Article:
It is proposed to sign and complete the declaration at that meeting and to elect the Trustees who are to be the governing body of the Association, and whose names must appear in the declaration; and it is of the utmost importance for the future success of the Association that the meeting should be a general meeting of the Barristers and Solicitors of the City of Ottawa.

Your presence is respectfully requested at the above meeting on Saturday afternoon next at 4:30.

W.A. Henry (Justice Supreme Court), Chairman
R. Lees, Q.C.
W. Mosgrove
F.H. Chrysler
R.J. Wicksteed
G.M. Greene
G.E. Kidd
F. Bebbington, Secretary

The meeting took place and the minutes have survived. Details of the event were apparently of enough local interest to have appeared in the Ottawa Citizen the following Monday.

At the meeting it was resolved that an association composed of barristers and solicitors practising in the County of Carleton to be called “The County of Carleton Law Association” be established. The first trustees were the following: Robert Lees; Francis Henry Chrysler; John N. Greene; David O’Connor; William Mosgrove; John Alexander; Duncan Byron MacTavish; Napoleon A. Belcourt; and Francis Robert Latchford. It is a legitimate assumption that the trustees were a representative sampling of members of the practising Bar in Ottawa who numbered at the time approximately 60 souls.

From: David W. Scott, Q.C., “County of Carleton Law Association The Early Years: 1888-1920” in William C.V. Johnson, ed., The First Century: Essays on the History of the County of Carleton Law Association by Various Hands on the Occasion of the Association’s Centenary, 1888-1988 (Ottawa: Bonanza Press Ltd., 1988) 6.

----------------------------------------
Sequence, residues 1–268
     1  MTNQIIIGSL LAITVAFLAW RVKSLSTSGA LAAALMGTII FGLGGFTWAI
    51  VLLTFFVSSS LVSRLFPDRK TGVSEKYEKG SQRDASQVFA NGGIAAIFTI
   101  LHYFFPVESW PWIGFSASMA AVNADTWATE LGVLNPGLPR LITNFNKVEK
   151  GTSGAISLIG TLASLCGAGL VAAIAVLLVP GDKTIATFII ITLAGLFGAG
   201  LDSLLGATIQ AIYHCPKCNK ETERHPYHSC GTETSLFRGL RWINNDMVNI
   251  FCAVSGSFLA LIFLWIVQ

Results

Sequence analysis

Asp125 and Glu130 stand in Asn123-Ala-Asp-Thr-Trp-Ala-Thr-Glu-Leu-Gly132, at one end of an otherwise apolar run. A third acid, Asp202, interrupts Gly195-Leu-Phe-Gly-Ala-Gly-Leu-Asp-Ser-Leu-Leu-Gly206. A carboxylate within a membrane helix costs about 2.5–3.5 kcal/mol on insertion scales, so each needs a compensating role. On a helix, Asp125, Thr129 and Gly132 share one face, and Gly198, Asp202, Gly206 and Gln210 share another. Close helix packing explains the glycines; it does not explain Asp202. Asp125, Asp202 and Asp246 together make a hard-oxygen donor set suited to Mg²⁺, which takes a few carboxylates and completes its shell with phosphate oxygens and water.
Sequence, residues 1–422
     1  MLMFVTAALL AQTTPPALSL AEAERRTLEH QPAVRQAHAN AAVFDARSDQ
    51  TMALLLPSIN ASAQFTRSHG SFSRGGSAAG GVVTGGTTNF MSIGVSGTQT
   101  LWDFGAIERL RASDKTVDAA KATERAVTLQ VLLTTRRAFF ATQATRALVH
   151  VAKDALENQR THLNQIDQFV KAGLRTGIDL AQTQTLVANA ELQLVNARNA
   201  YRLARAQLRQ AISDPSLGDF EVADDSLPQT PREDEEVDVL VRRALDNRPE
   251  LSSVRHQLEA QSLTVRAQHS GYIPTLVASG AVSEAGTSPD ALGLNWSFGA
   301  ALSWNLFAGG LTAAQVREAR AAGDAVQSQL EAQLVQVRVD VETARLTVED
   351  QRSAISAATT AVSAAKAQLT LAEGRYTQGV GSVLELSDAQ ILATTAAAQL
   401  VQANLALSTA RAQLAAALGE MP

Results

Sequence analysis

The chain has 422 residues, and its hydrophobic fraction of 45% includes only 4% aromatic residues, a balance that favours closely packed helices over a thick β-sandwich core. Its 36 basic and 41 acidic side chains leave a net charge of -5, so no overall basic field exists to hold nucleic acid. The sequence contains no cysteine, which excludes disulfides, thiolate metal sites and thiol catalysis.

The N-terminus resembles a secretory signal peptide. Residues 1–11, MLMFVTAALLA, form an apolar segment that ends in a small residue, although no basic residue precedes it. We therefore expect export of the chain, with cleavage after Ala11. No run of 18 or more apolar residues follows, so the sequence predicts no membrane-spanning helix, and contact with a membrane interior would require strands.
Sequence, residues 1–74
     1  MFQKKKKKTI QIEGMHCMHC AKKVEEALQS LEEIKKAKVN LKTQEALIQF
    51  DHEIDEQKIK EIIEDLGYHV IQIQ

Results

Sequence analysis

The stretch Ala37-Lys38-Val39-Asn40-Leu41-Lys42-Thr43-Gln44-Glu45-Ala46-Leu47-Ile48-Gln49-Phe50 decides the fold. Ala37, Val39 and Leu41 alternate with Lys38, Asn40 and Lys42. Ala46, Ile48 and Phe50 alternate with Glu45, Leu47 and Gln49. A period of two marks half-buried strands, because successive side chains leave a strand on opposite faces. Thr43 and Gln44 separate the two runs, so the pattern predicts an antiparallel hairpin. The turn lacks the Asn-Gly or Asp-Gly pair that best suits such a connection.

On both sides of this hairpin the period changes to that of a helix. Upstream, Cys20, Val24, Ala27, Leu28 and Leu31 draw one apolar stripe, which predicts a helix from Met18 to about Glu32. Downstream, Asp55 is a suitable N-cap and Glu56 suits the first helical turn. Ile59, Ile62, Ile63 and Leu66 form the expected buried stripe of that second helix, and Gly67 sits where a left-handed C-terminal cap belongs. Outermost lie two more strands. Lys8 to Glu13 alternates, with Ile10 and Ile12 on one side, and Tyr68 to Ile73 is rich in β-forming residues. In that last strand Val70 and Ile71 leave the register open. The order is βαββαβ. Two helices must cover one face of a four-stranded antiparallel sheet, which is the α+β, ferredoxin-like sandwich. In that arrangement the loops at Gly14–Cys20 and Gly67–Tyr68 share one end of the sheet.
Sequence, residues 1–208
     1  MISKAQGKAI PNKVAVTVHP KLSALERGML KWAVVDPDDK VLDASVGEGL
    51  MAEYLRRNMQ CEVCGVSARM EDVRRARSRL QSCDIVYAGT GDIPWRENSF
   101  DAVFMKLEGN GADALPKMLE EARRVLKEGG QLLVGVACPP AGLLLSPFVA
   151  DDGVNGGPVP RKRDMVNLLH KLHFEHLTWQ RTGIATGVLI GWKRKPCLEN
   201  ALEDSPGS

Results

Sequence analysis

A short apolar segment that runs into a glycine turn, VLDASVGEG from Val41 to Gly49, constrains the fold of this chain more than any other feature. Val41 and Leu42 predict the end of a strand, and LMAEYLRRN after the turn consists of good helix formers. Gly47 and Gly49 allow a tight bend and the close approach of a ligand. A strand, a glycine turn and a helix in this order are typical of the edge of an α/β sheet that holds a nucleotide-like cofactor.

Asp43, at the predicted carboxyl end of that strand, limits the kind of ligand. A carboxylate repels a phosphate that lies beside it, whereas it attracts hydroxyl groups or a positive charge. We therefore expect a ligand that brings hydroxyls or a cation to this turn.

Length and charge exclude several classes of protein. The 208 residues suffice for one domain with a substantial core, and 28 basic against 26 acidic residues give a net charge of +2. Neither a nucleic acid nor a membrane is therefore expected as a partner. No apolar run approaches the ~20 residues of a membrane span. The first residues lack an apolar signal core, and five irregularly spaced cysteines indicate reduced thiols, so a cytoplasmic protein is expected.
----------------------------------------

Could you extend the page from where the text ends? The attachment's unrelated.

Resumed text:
Ottawa Blog Roll: December 2016

Happy New Year! 2016 was a great year for Ottawa Law Blogs, and we are so pleased that so many Ottawa bloggers showed up in this year’s Clawbies, the Canadian Law Blog Awards. We are so incredibly honoured and grateful that Robeside Assistance was recognized as the winner in the Best Law Library Blog Award category!

Congratulations also to our fellow Ottawa bloggers:

And without further ado, below are links to blog posts or articles authored by the Ottawa legal community in December.

Civil Litigation

So You Want to Appeal… (Part 2): Appealing a decision from Small Claims Court
– Megan E. Fife, Maclaren Corlett

Is WSIB Discriminating Against Workers with Mental Illness?
– Frank Van Dyke, Van Dyke Injury Law Blog

Penalties for Drivers in Fatal Pedestrian Accidents – Is Ontario Car-Biased?
– Frank Van Dyke, Van Dyke Injury Law Blog

Social Host Liability
– Burke-Robertson LLP

Man Loses Millions to His Kids in Elder Abuse Case
– Vice and Hunter LLP

Minister Facing Numerous Charges in Elder Abuse Case
– Vice and Hunter LLP

Man Bankrupts Mother in Case of Financial Elder Abuse
– Vice and Hunter LLP

Condominium Law

Using a By-law to Control Parking
– James Davidson, Davidson Houle Allen LLP

Can Condo Owners Lease Out Their Parking Space?
– Rod Escayola, Condo Adviser

Airbnb Is Incompatible with The “Single Family Use” Provision of Most Condo Declarations
– Rod Escayola, Condo Adviser

Regulations Under the Legislation to Regulate Condo Managers Are Out For Consultation!
– Rod Escayola, Condo Adviser

A Canadian Christmas Story: Remembering the Battle of Ortona
– Rod Escayola, Condo Adviser